The relationship between mist exposure and reproductive success in Scaphyglottis acostaei Orchidaceae Rebecca Lara Department of Environmental Science, Northern Arizona University _________________________________________________________________________________ ABSTRACT I examined how the reproduction and fitness of the orchid, Scaphyglottis acostaei depends on the water resources derived from cloud mist in Monteverde, Costa Rica. Thirty six individuals of S. acostaei were selected to undergo treatments of mist exclusion, mist enhancement and light modification for 15 days. The pseudobulb width change d significantly over the 15 days for the four treatments, suggesting that mist precipitation is a limiting resource for S. acostaei Additionally, mist was collected on the northeast and southwest sides of four pasture trees, and a total of 139 individual orchids were sampled for number of fruits, racemes and leaves, and leaf length. I found a higher reproductive success of S. acostaei on the northeast sides of the sample trees, which is partially explained by the trend that those individuals were also expo sed to a higher more frequent amount of mist than individuals on the southwest sides. My findings suggest that even orchids with specialized mechanisms for coping with water limitation are sensitive to changes in mist frequency. RESUMEN Yo examine como la reproduccin y sobrevivencia de la orqudea, Scaphyglottis acostaei depende de los recursos de agua que viene en la neblina en Monteverde, Costa Rica. Treinta y dos muestras de S. acostaei fueron elegidos para tratarlos con de Excluidor es de Neblina, Aumentador e s de Neblina, y Modificacin de Luz por 15 das para los cuatro tratamientos, sugiriendo que la neblina es un recurso limitante en S. acostaei La neblina se recogi en el lado noreste y sudeste de cuatro rboles en el pasto, y el nmero de frutos, racimos y hojas de 139 orqudeas fueron contados. Yo encontr un xito reproductivo ms alto en el lado noreste de los rboles, que fue explicado por la tendencia que estas orqudeas eran expuest a s una cantidad de neblina ms alto y frecuente que las orqudeas en el lado sudeste. Mis resultados sugieren que las orqudeas con adaptaciones para compensar la limitacin de agua fueron susceptibles a cambios en la frecuencia de neblina. INTRODUCTION Tropical montane habitats enveloped in mist and cloud water support among the worldÂ€s richest orchid communities. Mist interception has been recognized as an important ecological factor for the fitness of epiphytic orchids, because they have no contact wit h the ground and must rely on water inputs captured from the atmosphere Nadkarni 1986. Orchids minimize the impact of microclimatic variability and environmental stress with adaptations for quickly absorbing transient water and nutrients in mist Dressle r 1990. However, orchid response to microclimatic heterogeneity in precipitation and temperature remains largely unknown with few studies focused on quantifying a speciesÂ€ optimal range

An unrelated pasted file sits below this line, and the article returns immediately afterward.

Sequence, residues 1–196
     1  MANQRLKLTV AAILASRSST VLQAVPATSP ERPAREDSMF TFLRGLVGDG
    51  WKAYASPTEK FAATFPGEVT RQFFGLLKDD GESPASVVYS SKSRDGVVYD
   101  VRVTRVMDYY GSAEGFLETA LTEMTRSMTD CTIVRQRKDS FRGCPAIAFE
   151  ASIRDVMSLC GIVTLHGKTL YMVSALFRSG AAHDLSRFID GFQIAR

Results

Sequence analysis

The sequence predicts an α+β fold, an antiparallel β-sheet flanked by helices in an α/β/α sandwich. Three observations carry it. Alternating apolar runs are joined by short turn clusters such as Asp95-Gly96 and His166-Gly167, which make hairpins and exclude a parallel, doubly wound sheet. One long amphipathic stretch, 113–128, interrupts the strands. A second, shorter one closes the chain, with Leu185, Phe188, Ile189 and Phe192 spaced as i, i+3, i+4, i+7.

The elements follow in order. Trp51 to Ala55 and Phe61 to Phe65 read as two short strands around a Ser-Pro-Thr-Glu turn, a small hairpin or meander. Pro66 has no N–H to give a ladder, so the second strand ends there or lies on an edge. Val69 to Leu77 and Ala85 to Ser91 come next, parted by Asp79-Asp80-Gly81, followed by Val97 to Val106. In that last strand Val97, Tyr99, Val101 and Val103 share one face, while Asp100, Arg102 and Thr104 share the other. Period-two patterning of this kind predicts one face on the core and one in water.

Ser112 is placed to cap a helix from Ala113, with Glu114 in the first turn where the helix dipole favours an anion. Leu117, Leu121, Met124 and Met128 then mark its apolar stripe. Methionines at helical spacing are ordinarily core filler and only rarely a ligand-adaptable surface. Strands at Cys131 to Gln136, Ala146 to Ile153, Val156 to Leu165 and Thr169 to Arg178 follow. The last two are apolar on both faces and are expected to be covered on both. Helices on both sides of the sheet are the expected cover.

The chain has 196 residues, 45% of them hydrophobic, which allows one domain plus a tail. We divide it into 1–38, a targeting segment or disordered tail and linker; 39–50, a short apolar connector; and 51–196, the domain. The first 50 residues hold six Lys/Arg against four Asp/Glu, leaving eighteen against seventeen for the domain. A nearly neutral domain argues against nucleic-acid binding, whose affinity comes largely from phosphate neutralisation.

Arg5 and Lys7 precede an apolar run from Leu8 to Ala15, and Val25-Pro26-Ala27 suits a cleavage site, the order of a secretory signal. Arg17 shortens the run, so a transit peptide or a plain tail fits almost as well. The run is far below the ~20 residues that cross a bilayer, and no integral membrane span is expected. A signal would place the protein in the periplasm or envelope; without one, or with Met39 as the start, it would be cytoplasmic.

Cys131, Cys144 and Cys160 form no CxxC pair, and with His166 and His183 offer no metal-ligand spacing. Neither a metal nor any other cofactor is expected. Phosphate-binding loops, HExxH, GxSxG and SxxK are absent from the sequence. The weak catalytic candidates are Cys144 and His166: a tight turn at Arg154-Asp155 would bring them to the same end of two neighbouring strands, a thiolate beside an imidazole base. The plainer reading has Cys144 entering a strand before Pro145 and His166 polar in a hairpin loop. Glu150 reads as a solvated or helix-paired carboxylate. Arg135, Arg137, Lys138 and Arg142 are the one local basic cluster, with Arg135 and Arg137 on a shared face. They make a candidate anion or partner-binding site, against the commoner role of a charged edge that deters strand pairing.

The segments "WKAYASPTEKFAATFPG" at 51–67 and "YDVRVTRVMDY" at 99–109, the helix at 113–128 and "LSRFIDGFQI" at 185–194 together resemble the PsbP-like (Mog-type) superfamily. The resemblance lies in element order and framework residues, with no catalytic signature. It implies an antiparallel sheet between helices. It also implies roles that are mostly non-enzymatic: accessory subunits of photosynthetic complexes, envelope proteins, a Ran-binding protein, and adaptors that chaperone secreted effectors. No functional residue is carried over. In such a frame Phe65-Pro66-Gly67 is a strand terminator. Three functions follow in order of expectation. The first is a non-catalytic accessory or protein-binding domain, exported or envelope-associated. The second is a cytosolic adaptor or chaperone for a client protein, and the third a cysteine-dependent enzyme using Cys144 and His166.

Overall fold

of tolerances. Limiting factors to survival and reproduction of orchi ds may differ among species and habitats due to variation in adaptive strategies and their interactions with the abiotic environment, host tree, and neighbor epiphytes. Since the mid 1970Â€s climate trends in Monteverde, Costa Rica have lead researchers to propose the lifting cloud base hypothesis, which states that higher surface water temperatures in the equatorial Pacific Ocean have caused an altitudinal shift of the montane cloudbank Pounds et al. 1999. A lifting cloud base may result in longer periods without mist and non precipitating water droplets during the dry season, having serious implications for orchids below the cloud line that derive water and nutrients from the mist Pounds et al. 1999. Variation in rainfall over the course of the year has a greater impact on epiphyte success than total annual rainfall Benzing 1995. Thus, the variability of mist frequency during the dry season may be closely linked to the survival and reproduction of certain orchid species. An increase in the number of dr y days during the dry season due to global warming may limit critical mist and nutrient inputs for orchids submitting them to a greater degree of environmental stress than for which they are adapted. Plants that must survive outside their optimum range of abiotic conditions are limited by resources and are less likely to reproduce. All orchids undergo a certain degree of stress in microhabitats where water is limiting. How an orchid copes with water stress is a function of morphological and physical adapta tions against the backdrop of phylogenetic constraints. For instance, some genera have pseudobulbs, which may help buffer water limitations. However, a long term reduction in the abundance of an already limiting resource such as water can ultimately result in reduced fitness and survival of the plant. In a study of Brassavola nodosa Orchidaceae, Murren and Ellison 1996 found that larger plants with unlimited resources are more likely to allocate their energy to reproductive structures. Orchids receiving less than the optimal amount of a limiting resource, allocated their total energy to survival and maintenance of vegetative structures, leaving no or little extra energy for investment in reproductive structures. My study examined how the reproduction an d fitness of the orchid, Scaphyglottis acostaei Orchidaceae, Figure 1 depends on the water resources derived from mist precipitation in Monteverde, Costa Rica. If mist is a limiting resource for S. acostaei then individuals in drier microhabitats should draw water from stores in the pseudobulbs to varying levels of water stress. Thus, I predict a reduction in the frequency and amount of contact with mist should result in decreased average pseudobulb size. Smaller water reserves should translate to a redu ced capacity of the orchid to cope with long term water stress. If so, then mist is a limiting resource for S. acostaei Because pseudobulb storage cannot indefinitely compensate for water stress, individuals with less exposure to mist over long term perio ds should exhibit lower fitness, investing their total energy in survival and the maintenance of vegetative structures. Individuals with a greater exposure to mist should have extra energy to invest in reproduction. In Monteverde, the majority of mist orig inates from the northeast trade winds. I proposed that orchids on the northeast facing direction of trees would intercept more mist at a higher frequency and would therefore exhibit higher